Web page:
The Irving K. Barber Learning Centre and MOA’s Audrey & Harry Hawthorn Library & Archives are co-presenting Michael Nicoll Yahgulanaas and his book RED: A Haida Manga (Douglas & McIntyre, 2009) for the next Robson Reading Series event. The reading will take place on the Point Grey UBC campus at the Irving K. Barber Learning Centre (Room 301) on Thursday, September 30th, 1:00-2:00 p.m. We hope you can join us for what promises to be an engaging presentation. Please RSVP to ensure a seat: 604-827-4366 or email@example.com. If you aren’t able to attend in person, the talk is scheduled to be presented via live webcast at: http://tiny.cc/ikblc2010
Through illustrative storytelling, Yahgulanaas turns stereotypes of First Nations’ cultures literally upside down. In RED: A Haida Manga, he tells the epic tale of a Haida hero named Red, a leader so blinded by revenge that he leads his community to the brink of war and destruction. The story is told through 108 pages of hand-painted illustrations. When arranged in a specific order, the panels of the narrative create a Haida formline image four metres long. The sequence for this complex design is displayed on the inside jacket.
Drawing from classic Haida narratives, and in the “tradition of innovation,” Yahgulanaas has created a new genre called Haida Manga — part Haida, part Japanese-style comic. He has dropped the traditional rectangular boxes and gutters associated with North American graphic literature. Instead, he has invented a flowing style that uses a bold line stretched almost to the breaking point — a motif associated strongly with Haida formlines — to link the images in the narrative in a layout that confounds expectation.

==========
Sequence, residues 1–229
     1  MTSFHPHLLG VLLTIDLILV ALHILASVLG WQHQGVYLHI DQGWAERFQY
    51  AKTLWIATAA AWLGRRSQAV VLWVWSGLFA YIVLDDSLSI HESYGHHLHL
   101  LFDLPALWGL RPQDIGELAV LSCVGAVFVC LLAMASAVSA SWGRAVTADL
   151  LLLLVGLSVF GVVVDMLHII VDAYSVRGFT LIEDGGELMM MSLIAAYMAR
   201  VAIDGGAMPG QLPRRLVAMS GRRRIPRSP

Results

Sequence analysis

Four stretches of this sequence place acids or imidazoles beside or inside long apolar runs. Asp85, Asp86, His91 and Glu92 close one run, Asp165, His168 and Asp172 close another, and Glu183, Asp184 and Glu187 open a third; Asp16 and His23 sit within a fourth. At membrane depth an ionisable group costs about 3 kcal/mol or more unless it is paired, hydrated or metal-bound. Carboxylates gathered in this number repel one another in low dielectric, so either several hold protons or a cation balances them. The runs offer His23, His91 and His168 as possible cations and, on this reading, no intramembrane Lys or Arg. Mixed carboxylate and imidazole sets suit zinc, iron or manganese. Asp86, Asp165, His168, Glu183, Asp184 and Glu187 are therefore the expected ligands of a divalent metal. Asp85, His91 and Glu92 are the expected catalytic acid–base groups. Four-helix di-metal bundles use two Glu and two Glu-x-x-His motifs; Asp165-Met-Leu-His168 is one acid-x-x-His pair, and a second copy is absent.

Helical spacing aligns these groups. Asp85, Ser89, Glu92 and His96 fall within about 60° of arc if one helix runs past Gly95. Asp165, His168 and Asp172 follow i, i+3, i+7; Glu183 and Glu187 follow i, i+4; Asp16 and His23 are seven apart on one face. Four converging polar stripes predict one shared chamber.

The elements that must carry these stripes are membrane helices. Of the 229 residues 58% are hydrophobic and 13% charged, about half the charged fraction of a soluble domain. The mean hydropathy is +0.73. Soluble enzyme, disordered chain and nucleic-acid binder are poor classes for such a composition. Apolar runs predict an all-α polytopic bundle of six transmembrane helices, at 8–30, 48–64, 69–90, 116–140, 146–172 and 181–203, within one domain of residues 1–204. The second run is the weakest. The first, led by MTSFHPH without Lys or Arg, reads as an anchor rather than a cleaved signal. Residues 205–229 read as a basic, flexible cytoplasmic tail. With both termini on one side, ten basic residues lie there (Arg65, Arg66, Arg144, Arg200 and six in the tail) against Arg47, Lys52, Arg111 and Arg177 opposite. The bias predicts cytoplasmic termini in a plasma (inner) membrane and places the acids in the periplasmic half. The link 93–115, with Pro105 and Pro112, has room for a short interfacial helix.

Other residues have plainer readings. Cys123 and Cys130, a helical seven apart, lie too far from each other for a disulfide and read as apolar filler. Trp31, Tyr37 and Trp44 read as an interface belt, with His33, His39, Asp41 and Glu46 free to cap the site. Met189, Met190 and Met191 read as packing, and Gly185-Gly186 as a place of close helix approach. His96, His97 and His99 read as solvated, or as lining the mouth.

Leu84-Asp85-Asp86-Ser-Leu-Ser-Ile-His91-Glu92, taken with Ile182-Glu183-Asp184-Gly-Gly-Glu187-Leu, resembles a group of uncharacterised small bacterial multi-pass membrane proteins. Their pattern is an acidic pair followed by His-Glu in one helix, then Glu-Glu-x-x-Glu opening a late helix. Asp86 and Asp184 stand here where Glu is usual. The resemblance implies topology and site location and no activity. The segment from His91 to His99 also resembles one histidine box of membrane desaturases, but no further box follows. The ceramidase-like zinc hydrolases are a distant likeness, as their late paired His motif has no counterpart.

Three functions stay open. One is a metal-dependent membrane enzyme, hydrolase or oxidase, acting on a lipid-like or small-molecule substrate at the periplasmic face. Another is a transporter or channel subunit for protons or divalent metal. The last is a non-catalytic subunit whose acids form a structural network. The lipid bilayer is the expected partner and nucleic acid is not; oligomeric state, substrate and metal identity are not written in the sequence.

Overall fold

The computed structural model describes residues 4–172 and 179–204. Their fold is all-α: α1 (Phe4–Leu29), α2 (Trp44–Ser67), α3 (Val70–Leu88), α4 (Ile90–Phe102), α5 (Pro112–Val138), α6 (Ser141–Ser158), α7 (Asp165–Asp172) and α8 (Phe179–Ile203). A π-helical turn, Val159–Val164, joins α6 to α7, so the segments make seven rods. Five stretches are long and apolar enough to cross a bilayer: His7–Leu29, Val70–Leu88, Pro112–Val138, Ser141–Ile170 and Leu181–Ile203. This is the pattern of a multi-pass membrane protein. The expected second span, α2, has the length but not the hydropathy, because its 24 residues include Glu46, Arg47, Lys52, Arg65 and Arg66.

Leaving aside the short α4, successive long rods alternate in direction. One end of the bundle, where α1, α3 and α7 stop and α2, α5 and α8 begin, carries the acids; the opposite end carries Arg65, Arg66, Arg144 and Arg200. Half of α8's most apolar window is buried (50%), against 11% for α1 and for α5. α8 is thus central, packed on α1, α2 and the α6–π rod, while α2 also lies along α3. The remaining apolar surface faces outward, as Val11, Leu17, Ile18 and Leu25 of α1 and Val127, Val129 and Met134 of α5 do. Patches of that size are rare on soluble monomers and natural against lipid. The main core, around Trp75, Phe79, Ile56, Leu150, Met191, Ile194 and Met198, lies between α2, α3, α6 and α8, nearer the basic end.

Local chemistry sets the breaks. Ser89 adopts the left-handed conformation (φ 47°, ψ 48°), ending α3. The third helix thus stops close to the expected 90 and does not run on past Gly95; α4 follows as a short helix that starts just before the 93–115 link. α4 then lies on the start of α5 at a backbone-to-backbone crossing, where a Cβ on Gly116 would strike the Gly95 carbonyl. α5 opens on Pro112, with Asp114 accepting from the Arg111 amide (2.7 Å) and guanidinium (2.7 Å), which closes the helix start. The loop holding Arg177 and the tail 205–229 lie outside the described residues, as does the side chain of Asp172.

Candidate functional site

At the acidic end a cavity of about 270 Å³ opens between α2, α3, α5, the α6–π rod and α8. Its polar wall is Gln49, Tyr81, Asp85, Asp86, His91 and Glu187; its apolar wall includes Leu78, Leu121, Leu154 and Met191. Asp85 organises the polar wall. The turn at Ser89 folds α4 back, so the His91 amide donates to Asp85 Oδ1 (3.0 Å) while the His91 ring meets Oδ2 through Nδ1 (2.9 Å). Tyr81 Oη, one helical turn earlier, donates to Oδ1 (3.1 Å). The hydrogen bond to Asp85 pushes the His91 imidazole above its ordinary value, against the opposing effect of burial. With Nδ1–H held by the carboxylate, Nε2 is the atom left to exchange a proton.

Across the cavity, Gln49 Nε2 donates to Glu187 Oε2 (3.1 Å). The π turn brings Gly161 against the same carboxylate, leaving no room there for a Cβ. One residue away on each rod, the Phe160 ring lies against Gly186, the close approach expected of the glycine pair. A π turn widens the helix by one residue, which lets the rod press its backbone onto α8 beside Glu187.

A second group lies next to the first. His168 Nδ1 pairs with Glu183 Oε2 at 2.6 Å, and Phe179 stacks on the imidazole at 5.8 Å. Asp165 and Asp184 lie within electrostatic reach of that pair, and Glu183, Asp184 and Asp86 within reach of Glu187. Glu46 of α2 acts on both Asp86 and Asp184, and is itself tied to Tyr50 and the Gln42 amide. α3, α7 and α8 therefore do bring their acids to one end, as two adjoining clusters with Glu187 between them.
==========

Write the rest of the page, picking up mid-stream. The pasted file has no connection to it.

Yahgulanaas was introduced to Haida iconography by his elder cousin, the painter, carver and printmaker Robert Davidson. He also studied with Cantonese artist Cai Ben Kwon. He has exhibited his art throughout Canada, including at the Museum of Anthropology. His other books include Flight of the Hummingbird, A Tale of Two Shamans, The Last Voyage of the Black Ship and Hachidori.
He appears at the Robson Reading Series thanks to the support of the Canada Council for the Arts.
The Robson Reading Series partners with the Irving K. Barber Learning Centre on the Point Grey campus to present a series of afternoon readings throughout the academic year. All events are free and open to the public.